John 5 and The Creatures – For the Love of Guitar

Thursday, 1st August 2019

Notable for his involvement with a slew of bands over the years, including everyone from K.D. Lang and David Lee Roth to Marilyn Manson and Rob Zombie, John 5 has also spent plenty of time building up a name for himself on the solo circuit. His latest release with The Creatures, Invasion, has just been released and features a massive variety of different musical sounds and influences. But it all gels into something cohesive, and most importantly, fun to listen to. We got the opportunity to catch up with John 5 prior to the release of Invasion to discuss everything from instrumental music and the new album to his thoughts on the future of guitar and some of his favorite experiences.

Dead Rhetoric: At this point, do you feel that releasing a video/song each month leading up to an album’s release was beneficial to you? Does it get the word out about the album?

John 5: I think, not just for me, but for artists in general. It’s a great way to keep your record alive. It keeps you in the news. I always view things like what I would have liked as a kid: could you imagine if your favorite band back in the day released a new video every month? I would have lost my mind! I wouldn’t even know how to comprehend that. So I think it’s a really good tool when you use it that way.

Dead Rhetoric: With the focus on video, did you feel it was important to provide a lot of different types (cartoon, live, and more) to grab people’s attention?

John 5: I think it’s all entertainment. It keeps it fresh and keeps it entertaining for both myself and the audience. It’s a lot of fun. Videos are what you want to express that goes along with the song. I really enjoy doing videos. We have a new one coming out when the record comes out called “I Want it All” and it’s completely different from all of the other videos. It’s going to be a lot of fun.

Dead Rhetoric: How important is the element of entertainment when you are presenting your material live?

John 5: It’s the same thing. I could just go up and play guitar and play my songs, which works for a lot of artists, and it’s great. But for me, I’m thinking that I want to give a little bit more, and that’s what I do. I try to create a cool stage show related to everything that’s going on and it seems to really work. People tend to really enjoy it.

Dead Rhetoric: What do you feel are the most important aspects of writing when you create instrumental music?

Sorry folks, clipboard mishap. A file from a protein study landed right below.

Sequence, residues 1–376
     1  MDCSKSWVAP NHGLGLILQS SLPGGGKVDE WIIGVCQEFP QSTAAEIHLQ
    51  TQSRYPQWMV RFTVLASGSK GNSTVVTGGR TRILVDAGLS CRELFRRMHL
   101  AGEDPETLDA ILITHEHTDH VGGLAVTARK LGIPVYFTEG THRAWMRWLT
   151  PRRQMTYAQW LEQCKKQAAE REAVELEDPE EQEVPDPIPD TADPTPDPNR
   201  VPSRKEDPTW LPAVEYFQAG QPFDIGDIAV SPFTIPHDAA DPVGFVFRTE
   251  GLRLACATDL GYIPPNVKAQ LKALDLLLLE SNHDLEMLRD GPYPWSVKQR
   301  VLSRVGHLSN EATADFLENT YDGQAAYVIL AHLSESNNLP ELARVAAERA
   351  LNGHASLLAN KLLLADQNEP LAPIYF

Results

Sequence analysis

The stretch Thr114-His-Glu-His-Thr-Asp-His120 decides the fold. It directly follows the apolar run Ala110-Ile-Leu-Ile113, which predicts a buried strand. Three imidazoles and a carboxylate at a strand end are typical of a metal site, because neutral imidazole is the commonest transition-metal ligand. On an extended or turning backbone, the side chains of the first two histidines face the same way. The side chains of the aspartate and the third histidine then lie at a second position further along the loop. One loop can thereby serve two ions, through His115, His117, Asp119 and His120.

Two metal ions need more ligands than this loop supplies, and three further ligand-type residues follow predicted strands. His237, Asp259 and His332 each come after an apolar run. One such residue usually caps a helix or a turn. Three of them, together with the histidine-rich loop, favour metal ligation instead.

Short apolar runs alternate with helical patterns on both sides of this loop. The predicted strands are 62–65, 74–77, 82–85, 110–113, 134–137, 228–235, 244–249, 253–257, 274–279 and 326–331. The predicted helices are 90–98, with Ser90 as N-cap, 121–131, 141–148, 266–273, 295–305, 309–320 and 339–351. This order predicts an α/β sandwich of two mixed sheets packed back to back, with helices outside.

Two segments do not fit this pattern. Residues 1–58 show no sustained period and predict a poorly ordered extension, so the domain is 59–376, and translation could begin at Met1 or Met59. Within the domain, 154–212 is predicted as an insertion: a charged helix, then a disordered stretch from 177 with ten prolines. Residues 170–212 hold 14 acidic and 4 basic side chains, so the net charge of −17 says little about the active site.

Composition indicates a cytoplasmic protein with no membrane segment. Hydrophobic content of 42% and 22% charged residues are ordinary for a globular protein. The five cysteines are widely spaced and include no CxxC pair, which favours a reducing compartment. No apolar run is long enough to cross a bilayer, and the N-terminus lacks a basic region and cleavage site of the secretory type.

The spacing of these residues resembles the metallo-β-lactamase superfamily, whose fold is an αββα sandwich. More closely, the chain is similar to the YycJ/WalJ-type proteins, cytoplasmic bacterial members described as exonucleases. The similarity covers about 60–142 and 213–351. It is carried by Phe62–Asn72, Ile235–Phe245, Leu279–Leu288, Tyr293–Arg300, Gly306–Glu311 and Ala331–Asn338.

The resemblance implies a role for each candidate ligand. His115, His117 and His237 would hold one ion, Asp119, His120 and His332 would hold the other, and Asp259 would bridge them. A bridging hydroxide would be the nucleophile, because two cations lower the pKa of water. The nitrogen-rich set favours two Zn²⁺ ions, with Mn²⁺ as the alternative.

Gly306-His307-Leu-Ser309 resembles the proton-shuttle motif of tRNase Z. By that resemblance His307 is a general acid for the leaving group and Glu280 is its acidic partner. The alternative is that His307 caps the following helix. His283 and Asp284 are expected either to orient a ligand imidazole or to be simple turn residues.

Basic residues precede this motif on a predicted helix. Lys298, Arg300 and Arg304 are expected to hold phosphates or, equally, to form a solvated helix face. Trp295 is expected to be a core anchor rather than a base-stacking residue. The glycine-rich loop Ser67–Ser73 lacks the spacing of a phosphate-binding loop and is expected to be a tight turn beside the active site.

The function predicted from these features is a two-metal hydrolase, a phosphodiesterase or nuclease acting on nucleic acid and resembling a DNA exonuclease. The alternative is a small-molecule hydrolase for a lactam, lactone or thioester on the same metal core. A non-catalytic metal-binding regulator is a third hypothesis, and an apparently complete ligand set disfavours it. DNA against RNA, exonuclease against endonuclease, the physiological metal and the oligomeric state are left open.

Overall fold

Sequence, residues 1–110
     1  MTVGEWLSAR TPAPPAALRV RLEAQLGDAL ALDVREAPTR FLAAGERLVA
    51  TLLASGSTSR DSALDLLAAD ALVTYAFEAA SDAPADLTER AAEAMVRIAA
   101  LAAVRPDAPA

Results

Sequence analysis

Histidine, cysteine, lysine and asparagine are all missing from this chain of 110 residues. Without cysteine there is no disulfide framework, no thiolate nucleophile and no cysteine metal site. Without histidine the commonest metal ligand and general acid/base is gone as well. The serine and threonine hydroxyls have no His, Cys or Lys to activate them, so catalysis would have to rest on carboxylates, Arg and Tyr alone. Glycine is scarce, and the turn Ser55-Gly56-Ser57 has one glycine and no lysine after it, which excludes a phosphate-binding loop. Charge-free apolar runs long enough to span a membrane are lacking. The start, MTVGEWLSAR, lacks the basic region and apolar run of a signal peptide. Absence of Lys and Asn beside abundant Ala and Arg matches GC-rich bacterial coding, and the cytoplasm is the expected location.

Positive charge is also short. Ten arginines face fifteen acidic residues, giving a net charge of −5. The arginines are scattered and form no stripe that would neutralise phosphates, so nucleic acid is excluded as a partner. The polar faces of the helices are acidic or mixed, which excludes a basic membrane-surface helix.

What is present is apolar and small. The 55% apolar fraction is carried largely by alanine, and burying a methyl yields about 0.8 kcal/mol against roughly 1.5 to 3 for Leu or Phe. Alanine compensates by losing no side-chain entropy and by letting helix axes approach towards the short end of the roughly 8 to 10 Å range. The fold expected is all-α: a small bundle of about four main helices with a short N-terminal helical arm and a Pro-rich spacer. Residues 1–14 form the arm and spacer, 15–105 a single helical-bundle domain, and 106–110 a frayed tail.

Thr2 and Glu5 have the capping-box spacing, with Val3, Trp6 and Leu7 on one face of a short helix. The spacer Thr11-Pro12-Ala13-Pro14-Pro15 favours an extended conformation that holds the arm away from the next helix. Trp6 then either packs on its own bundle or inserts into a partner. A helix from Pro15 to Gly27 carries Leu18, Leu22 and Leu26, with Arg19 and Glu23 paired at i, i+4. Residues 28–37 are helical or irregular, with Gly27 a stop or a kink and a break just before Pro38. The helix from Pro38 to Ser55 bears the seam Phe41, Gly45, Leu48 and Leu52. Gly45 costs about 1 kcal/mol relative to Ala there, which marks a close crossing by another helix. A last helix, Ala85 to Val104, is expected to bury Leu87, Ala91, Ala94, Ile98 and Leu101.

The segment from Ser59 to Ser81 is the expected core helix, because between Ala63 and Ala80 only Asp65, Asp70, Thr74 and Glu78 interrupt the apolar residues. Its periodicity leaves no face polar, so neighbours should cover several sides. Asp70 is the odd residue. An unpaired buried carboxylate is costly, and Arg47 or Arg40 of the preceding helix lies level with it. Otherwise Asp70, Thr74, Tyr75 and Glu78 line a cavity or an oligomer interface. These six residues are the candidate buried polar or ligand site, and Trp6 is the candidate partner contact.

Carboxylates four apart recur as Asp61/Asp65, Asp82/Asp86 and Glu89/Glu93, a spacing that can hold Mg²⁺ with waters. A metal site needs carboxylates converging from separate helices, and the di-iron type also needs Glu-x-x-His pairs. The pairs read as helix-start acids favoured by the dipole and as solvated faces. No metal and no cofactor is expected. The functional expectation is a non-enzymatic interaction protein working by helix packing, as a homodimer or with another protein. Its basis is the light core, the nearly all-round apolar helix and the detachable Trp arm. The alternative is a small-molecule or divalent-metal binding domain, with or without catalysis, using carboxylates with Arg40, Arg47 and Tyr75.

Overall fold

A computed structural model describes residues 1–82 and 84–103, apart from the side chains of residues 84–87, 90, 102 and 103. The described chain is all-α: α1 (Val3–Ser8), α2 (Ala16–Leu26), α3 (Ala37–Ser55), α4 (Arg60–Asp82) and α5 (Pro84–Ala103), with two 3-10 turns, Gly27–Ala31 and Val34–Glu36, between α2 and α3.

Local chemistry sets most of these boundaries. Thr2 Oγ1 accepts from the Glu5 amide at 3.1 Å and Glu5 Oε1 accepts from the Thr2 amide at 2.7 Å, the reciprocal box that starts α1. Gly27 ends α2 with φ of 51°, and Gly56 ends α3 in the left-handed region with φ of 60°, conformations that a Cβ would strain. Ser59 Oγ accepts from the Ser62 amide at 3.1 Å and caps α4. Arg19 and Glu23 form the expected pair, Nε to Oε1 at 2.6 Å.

John 5: I love a good song, just like anyone else. But it is difficult to write an instrumental song. You have to have a good hook, cool guitarwork and musicianship, but you also have to make it hooky: a good riff, a good chorus, and a good melody, and a lot of flash. It’s kind of like a completely different way of looking at songs. When you write a song with a band/singer, you have to stay out of the singer’s way so that it doesn’t get in the way of the singer and the lyrics, but with this, it’s an open palette. You can go crazy, but you have to remember to keep it hook-y for people to just enjoy in the car.

Back in the day, there were a lot of instrumental tracks that were radio singles. “Frankenstein,” a few Led Zeppelin songs, even “Eruption.” That was just a brilliant guitar solo. So it’s about keeping that alive by writing good songs so that people enjoy it.

Dead Rhetoric: So what tends to be overlooked by someone who is just getting into writing instrumental music?

John 5: I think what gets overlooked is a good riff. A good melody. Something you can hook onto in the chorus. I always say to have a good, hook-y type chorus. Not everyone plays guitar; not everyone plays drums or bass. You want to have that listener go, “Oh, I really like that song.” It could just be a little hook that reels them in like that. I think that’s important to have, and that’s what I try to tell people that are starting to write music like that.

Dead Rhetoric: Given the amount of variety that is put into an album, how important is the overall flow?

John 5: I think there is a really nice flow to the record, because there are so many roads and avenues that are taken and approached. You don’t really get sick of it. If it was the same thing over and over, you might get sick of it. But doing it like this, there’s so many avenues and styles. I think that is what keeps it entertaining. Again, I look at it as a fan. What do I want as a fan? Can I listen to this record the whole way through? That’s great, because I try to make a whole record where people can listen to it the whole way through, and I try to sequence it that way. That’s not really done today.

Everything is cherry-picked, which is fine too. Now the audience has the privilege, or freedom if you will, to listen to the record the way they want. If they want to listen to a few tracks, great, but if they want to listen to the whole thing, it’s available. The listener is in control.